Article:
CONQUEST OF THE PLANET OF THE APES Turns 50: A Look Back With Associate Producer Frank Capra, Jr.

Originally released in 1972, Conquest of the Planet of the Apes, fourth in the original film series, covers the rise of the apes, and in this archived interview, Frank Capra, Jr. reflects on its making.

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The third Apes film, Escape from the Planet of the Apes (1971), had chimpanzees Cornelius (Roddy McDowall), Zira (Kim Hunter) and Milo (Sal Mineo) arriving in the present from the future. At first they’re treated as celebrities, but ultimately seen as a threat to humanity’s future and are exterminated. Cornelius and Zira’s son, Caesar, survives thanks to the aid of circus owner Armando (Ricardo Montalban). In Conquest, Caesar (also played by McDowall) has grown up and ultimately leads enslaved apes in a rebellion against their human masters and setting the groundwork for the future we witnessed in the original Planet of the Apes (1968).

Serving as associate producer of Escape, Conquest and 1973’s Battle for the Planet of the Apes, was the late Frank Capra, Jr., and in this interview excerpt conducted for the book Planet of the Apes Revisited (which is currently being revised and vastly expanded), he provides some insight into the making of Conquest.

Each of the sequels to the original Planet of the Apes was made more less money than its predecessor, yet somehow, production wise, it seems that Conquest was able to accomplish more.

It’s what we were challenged to do. [producer] Arthur P. Jacobs wanted to go back to a kind of scale and scope we’d had. He didn’t want to try to recreate something along the lines of Escape; he wanted to go back to a more traditional POTA theme.


The film had a very strong look to it which belied its low budget.

We were very lucky. We got a very good cinematographer. I remember we were thinking about who was going to direct it. That was going to be an important piece of the business here. We needed a director who we thought could handle size and scope but do it cheaply, which doesn’t always run together. Of course Arthur had known J. Lee Thompson before, because he had done What a Way to Go. He was wonderful to work for even though a lot of the time he was confronted with situations that were difficult to do the picture on budget. Where were we going to get a city of the future? We looked around and we used Century City, which was just being built — some of the buildings weren’t even finished. It was adjacent to Fox and it worked out perfectly for us. With interesting lighting and using interesting camera angles, which Lee was very good at, we got a look that I thought was pretty spectacular. Here we had Century City right next to us. That was a very difficult picture to do for the money we had and we really had to work hard. That’s why I’m really pleased with Lee, because he did a great job with it.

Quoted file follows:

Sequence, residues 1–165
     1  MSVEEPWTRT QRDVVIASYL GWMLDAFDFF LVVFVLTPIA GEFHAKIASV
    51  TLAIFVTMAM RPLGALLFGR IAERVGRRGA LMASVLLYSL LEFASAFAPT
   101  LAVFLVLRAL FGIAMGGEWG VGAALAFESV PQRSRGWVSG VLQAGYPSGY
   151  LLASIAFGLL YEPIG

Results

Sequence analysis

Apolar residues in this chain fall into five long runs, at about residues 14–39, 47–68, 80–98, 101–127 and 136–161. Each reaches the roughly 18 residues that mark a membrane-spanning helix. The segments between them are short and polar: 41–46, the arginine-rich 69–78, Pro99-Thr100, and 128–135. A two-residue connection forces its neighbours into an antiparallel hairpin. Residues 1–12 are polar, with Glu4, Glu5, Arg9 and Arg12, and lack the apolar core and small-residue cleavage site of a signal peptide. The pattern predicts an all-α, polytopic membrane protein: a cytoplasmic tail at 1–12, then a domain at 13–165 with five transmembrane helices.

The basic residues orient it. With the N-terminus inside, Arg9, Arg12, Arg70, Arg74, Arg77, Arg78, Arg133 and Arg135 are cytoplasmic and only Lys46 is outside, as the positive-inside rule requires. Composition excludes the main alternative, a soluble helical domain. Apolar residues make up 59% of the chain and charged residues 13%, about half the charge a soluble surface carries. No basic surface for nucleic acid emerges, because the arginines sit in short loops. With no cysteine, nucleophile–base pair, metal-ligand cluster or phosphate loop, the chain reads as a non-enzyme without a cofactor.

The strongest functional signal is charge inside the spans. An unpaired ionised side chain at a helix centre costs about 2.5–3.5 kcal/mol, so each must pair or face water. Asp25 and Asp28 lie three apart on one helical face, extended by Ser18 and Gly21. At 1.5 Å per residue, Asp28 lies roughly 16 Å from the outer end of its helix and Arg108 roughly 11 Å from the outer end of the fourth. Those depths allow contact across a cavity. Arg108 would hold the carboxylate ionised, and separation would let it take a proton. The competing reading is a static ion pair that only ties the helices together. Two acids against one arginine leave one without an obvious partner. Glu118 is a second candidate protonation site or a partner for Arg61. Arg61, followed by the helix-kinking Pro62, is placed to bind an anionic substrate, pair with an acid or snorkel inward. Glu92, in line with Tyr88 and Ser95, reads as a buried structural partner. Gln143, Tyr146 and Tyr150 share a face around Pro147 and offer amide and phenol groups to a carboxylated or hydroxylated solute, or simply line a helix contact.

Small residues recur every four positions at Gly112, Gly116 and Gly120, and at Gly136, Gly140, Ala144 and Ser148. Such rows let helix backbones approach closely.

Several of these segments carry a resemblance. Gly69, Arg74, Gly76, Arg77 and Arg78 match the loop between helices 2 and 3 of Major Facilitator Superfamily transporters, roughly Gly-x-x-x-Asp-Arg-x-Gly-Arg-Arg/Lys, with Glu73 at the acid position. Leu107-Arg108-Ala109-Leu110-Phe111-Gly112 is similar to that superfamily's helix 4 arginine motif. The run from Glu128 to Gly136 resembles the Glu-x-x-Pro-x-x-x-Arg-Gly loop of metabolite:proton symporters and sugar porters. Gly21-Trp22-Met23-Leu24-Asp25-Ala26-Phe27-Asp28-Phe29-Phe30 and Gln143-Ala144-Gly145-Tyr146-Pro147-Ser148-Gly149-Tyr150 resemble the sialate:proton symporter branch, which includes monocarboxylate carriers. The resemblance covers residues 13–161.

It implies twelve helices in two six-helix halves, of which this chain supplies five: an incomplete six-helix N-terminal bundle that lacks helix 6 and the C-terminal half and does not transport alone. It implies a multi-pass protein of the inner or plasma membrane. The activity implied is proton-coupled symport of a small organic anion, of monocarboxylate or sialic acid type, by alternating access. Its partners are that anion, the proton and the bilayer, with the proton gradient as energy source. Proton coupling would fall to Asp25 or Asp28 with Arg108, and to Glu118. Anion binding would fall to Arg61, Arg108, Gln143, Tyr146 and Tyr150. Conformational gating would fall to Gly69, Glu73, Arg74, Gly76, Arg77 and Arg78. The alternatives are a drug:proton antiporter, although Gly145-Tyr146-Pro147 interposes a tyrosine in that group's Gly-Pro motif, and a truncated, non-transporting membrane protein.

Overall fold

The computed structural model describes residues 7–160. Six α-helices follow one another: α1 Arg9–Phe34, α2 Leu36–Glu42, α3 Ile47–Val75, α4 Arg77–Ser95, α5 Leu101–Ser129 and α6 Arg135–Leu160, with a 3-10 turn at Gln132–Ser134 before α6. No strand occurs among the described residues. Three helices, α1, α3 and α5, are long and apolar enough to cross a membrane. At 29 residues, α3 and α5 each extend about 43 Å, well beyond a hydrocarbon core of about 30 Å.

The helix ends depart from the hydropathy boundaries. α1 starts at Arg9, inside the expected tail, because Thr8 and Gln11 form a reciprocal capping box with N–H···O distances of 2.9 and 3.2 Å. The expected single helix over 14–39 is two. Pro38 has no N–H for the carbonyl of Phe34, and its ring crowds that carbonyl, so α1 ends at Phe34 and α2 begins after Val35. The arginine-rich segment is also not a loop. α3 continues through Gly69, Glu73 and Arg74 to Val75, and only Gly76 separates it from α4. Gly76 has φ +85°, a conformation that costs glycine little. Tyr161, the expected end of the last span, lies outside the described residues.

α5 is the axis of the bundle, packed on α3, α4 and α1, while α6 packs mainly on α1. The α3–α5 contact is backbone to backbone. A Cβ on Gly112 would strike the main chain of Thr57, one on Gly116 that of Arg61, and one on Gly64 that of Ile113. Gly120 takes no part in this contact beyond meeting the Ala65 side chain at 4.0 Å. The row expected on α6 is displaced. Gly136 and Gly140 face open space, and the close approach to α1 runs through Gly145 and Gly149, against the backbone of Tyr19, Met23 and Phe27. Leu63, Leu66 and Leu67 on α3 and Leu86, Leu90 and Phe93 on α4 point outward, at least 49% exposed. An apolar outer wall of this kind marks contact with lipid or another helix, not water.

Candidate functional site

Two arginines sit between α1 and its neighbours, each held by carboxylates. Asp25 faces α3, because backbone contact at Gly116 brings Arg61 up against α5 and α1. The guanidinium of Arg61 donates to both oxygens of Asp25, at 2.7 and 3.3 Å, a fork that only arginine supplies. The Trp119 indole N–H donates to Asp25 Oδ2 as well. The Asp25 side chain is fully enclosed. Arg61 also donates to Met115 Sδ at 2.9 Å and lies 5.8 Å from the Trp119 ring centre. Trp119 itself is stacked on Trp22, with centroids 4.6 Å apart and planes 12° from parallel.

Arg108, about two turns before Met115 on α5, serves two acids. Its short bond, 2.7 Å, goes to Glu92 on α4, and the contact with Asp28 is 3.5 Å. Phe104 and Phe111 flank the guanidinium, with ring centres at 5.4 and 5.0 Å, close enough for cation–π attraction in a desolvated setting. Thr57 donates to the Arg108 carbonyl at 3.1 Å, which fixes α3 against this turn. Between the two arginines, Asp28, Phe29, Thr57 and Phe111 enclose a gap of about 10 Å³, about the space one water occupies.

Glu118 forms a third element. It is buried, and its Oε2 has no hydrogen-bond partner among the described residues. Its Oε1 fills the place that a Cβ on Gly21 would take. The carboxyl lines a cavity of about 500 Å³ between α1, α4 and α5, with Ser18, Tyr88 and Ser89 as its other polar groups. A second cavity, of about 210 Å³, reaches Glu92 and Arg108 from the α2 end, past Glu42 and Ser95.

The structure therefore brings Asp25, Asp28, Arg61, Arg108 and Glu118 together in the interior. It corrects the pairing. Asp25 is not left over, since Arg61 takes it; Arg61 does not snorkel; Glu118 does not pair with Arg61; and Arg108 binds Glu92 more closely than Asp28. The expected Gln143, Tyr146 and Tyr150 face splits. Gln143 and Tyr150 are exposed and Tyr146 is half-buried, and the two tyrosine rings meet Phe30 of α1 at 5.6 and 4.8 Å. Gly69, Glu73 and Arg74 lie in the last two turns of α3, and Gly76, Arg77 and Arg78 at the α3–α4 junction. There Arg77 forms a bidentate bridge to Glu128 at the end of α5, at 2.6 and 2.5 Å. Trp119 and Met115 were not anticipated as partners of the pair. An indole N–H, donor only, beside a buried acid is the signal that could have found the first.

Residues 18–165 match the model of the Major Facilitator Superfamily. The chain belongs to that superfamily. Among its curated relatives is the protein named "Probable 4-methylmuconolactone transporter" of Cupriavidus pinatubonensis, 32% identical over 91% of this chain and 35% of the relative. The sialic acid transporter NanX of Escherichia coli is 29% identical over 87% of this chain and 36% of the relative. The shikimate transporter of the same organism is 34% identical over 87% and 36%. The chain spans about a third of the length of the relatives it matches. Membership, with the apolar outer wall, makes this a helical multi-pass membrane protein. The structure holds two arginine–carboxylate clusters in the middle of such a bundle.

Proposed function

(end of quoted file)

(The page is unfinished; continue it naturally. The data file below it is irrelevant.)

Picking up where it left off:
J. Lee said that Roddy treated this material as though it were Shakespeare.

He did. Roddy is a serious actor. As he always said, you have to work twice as hard or three times as hard to make the performance work through the makeup. So everything has to be exaggerated. You’re thinking, “My God, I’m going way over the top, but by the time you look at, it it’s not.

You’ve got his reaction to the death of Armando, but in that ending speech in which he rallies the apes, he’s just fabulous.

It was a very dramatic role and it gave him the opportunity to rise as a leader. He certainly did treat it that way and J. Lee helped him. He had a real ability to work through that makeup and create real characters;  you’ve got to hand it to Roddy. For so many movies to put that makeup on and take it off, he got so proficient with it that he would just rip it off. There were 5:30, 6:00 calls every day. Believe me there was a lot of effort in those pictures that’s not on the screen. Of course, the makeup is on the screen, but you don’t realize how long that took and how long a shooting day was. There were a lot of nights on that film and that was hard. We shot night after night after night. Physically that was a hard movie to make for the money, and yet I think it also was quite successful in terms of what it was trying to do.

So much has been read into it such as racial issues, revolution, and all this other stuff.

I don’t think anyone was conscious of it. Writer Paul Dehn may have been socially to the left, but that doesn’t mean he was trying to create some kind of allegory about social revolution. J. Lee was trying to. The imagery of the Watts Riots was played on television night after night after night. Television covered it enormously, day and night, so these images were just in everybody’s mind, especially in the L.A. area and probably most of the country. They were certainly in J. Lee’s mind. Here we were talking about some sort of uprising at night in the city, and he saw there was an immediate connection, so that even though he wasn’t saying, “These are black people rising against white people,” the imagery of the riot created in his mind the  kind of look that we wanted to create in the riot scenes and did.  One of the reasons they were successful is that people who went to see the movie were harkened back to those images from about a year before.

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